And then several pods exist in the network. These pods are linked to & share information with each other.
The pods can be hosted by individuals as it’s ideally achieved in a decentralized network. As new pods are hosted & introduced to the network, the network keeps growing.
In case if the link between a few pods breaks temporarily. The network is still up. Nodes can still communicate with each other via the pods they are subscribed to.
1.3 What is the need for Pods? Can’t just the nodes be linked to each other like a regular peer to peer network?
Pods facilitate node discovery. In a peer to peer network, there is no way of discovering other nodes & we would just sit in the dark if it weren’t for a centralized node registry or something. The other way is to
run a scan through the network trying to discover other nodes. That’s a really time-consuming & a tedious task. Why not just have a pod ?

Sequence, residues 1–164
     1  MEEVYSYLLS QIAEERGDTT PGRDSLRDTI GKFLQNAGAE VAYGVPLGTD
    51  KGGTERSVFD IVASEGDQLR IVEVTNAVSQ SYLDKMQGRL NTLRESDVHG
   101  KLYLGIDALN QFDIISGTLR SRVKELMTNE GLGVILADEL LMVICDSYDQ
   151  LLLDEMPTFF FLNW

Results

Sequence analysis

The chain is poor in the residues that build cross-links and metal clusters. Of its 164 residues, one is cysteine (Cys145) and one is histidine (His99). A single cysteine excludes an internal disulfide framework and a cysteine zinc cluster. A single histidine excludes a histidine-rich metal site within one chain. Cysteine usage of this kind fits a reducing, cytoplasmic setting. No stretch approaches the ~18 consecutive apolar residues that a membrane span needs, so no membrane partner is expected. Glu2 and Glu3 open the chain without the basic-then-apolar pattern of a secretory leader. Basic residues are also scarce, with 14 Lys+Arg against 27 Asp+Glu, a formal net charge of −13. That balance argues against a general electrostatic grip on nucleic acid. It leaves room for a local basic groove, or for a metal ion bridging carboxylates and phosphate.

Decentralized networks were architected with the sole purpose of being resilient to nuke or zombie attacks. Primarily nuke ? & that’s what pods help us achieve, even in case of broken links they keep parts of the network up.
2. Decentralized Social Networks
2.1 What are Decentralized Social Networks?
Simply put, decentralized social networks have servers, spread out across the globe, hosted by individuals like you & me. Nobody has an autonomous control over the network like that in centralized networks, for instance, Facebook, Twitter etc.
Also, decentralized networks have no issues with scalability. The scalability of a decentralized network is directly proportional to the number of users joining & active on the network.
We host our own data from our systems instead of sending it to a third-party server. Nobody eavesdrops on our conversations or holds the rights to modify our data at their whim.
You might have heard of BYOD, I assume? Bring Your Own Device.
Decentralized social networks ask you to Bring Your Own Data.
What do I mean by that?
In these networks, the user data layer is separate & they run on standardized protocols, specifically designed for the decentralized web. The data formats & protocols are consistent across the networks & apps.